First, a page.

We know D.C. Get our free newsletter to stay in the know.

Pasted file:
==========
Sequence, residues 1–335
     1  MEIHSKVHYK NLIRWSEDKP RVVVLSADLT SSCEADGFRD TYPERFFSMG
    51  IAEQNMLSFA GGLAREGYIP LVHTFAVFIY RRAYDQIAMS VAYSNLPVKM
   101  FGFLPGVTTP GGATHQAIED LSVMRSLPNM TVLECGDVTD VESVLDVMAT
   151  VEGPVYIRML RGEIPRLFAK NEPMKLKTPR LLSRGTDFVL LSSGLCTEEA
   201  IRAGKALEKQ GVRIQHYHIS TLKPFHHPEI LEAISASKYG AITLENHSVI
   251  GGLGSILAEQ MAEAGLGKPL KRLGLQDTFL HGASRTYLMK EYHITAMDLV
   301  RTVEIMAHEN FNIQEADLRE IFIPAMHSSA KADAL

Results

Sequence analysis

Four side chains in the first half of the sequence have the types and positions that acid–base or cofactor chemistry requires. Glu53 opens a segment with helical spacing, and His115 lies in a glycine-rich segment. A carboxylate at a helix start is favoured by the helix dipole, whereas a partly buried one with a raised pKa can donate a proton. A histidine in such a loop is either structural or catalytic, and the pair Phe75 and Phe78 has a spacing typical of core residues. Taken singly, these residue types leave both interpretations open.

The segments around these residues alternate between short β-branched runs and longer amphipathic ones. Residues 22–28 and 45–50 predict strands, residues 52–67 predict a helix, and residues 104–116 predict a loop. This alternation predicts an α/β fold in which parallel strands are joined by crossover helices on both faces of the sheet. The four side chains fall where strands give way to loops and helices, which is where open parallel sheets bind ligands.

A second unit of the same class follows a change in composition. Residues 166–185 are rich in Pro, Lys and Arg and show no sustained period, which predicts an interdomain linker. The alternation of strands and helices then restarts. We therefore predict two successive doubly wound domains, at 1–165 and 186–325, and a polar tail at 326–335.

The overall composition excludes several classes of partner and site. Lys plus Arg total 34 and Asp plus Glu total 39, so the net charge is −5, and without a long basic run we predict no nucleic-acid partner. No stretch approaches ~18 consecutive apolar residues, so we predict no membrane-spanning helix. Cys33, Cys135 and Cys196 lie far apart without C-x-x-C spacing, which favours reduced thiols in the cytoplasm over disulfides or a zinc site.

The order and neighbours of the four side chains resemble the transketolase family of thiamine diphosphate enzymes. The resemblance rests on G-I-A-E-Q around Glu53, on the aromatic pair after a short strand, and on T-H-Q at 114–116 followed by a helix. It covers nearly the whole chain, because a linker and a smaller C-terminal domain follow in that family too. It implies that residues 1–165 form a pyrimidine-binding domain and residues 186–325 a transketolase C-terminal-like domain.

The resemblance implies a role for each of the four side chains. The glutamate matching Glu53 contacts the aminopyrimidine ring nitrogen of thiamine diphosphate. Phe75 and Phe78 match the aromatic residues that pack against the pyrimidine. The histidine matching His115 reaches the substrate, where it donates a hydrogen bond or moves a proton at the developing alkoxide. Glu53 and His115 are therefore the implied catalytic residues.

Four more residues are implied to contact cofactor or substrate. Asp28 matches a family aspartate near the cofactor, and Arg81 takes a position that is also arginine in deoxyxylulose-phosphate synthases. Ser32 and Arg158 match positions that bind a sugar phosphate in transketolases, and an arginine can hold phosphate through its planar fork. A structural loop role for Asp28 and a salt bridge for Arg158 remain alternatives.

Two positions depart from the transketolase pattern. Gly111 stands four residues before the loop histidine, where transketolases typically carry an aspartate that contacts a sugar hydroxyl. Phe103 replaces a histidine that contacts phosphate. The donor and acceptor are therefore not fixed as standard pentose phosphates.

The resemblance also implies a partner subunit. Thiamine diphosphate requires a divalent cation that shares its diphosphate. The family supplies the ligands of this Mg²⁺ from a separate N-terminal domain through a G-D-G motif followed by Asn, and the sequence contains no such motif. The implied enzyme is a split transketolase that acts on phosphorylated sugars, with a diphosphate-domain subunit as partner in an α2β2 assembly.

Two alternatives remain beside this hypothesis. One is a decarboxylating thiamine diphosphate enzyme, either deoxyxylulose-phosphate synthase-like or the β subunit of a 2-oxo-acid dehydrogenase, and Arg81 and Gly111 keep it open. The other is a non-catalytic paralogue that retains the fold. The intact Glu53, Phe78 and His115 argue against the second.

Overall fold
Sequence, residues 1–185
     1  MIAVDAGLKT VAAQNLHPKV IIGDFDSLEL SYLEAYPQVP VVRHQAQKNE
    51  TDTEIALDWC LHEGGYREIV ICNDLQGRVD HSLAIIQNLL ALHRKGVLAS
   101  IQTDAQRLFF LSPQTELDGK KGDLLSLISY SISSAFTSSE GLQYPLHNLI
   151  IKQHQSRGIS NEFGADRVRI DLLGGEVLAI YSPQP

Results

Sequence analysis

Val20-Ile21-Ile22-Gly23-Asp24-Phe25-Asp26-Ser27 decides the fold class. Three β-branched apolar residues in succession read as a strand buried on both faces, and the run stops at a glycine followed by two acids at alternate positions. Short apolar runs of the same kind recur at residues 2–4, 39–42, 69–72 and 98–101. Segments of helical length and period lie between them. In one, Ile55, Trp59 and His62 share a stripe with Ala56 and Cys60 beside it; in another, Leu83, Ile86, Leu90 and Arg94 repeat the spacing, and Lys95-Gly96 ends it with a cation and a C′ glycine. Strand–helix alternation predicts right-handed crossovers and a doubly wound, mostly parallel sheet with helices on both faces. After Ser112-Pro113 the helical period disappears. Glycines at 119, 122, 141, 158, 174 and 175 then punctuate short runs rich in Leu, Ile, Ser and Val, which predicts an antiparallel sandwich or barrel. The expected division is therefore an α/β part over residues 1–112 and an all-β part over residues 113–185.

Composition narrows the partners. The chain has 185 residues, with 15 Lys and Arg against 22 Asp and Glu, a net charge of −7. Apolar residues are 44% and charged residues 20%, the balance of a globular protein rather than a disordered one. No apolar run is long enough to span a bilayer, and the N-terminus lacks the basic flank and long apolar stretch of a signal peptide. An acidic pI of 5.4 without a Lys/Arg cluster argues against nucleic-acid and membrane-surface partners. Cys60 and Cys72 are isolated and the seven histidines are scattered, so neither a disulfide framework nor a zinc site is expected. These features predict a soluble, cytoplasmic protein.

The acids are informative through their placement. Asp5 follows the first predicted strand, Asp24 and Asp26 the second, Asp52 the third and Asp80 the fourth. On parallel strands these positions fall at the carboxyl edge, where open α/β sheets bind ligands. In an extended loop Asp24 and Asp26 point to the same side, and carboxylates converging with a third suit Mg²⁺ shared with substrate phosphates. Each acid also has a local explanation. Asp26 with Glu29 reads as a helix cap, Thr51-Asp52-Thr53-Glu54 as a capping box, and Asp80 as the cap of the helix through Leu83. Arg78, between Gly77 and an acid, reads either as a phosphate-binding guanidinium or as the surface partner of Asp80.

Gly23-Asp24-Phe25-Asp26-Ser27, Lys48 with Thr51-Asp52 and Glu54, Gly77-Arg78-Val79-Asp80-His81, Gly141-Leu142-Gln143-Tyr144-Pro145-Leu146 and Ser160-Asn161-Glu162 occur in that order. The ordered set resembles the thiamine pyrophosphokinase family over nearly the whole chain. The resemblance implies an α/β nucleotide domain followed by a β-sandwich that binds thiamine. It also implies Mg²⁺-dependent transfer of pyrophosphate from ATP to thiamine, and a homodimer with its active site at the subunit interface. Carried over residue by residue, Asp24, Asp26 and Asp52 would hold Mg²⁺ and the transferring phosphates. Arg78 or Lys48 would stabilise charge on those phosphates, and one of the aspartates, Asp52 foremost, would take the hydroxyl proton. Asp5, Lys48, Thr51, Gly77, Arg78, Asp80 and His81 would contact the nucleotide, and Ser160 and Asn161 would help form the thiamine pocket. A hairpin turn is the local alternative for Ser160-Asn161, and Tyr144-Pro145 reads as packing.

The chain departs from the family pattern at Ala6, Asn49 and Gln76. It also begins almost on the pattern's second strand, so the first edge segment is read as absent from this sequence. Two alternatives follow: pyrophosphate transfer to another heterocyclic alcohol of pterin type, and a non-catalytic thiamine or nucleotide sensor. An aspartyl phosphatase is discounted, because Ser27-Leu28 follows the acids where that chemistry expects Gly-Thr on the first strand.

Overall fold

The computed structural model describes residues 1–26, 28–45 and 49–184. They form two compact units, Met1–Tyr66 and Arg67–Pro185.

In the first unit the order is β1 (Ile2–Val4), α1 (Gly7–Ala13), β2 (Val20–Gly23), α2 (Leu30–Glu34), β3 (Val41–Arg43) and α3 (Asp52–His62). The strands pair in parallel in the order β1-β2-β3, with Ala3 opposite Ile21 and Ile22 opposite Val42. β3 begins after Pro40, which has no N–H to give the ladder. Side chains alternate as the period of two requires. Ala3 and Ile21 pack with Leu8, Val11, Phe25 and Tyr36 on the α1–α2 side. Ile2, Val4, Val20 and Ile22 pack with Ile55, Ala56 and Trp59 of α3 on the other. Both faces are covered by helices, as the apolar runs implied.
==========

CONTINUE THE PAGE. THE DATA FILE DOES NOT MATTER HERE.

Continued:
The exaggerated ‘do wins half the battle for Undercover Brother: You can’t watch the Afro’d secret agent Anton Jackson without giggling, especially when he cocks his eyebrow in too-cool disregard at whatever strangers are gaping at him and his golden Cadillac trolling down the street. But when Anton (Eddie Griffin) joins forces with underground black power organization the Brotherhood to fight the Man’s Operation Whitewash—an attempt to keep a black man from running for president of the United States—the movie becomes more than just a sight gag. Sure, the jokes may not exactly be original, but they’re delivered with endearingly perfect goofiness in this lighthearted sendup of blaxploitation films. Billy Dee Williams plays the general who’s rumored to be running for president—which has newscasters commenting that “he’s so well-spoken.” But he soon comes under the control of the Man’s Mr. Feather (an underused Chris Kattan) and announces that he’s opening a chain of fried-chicken joints instead. The Brotherhood sends Anton to infiltrate Operation Whitewash decked out in nerdy polo shirts and khakis (after testing him with a Friends trivia question to ensure that he’s ready to enter the Caucasian world), and that’s when things get dirty: A counterattack comes in the form of “black man’s kryptonite,” the White She-Devil (Denise Richards), who seduces Anton and makes him eat mayonnaise after a karaoke duet of “Ebony and Ivory.” With inspired casting breathing life into the quip-a-minute script by John Ridley (whose animated Internet series the movie is based on), there’s hardly a character who doesn’t have a great moment: Williams delivers a hilarious commercial for General’s Fried Chicken; Dave Chappelle, as the supermilitant Conspiracy Brother, shouts “Give me a pillow case, I’m joining the Klan!” in a desperate moment; and Neil Patrick Harris, Doogie Howser himself, shows up as Lance, the Brotherhood’s geeky intern (“affirmative action,” the chief sighs). And, of course, there’s the unflappable wearer of the ‘fro: With a look like that, he’s got to be good. —Tricia Olszewski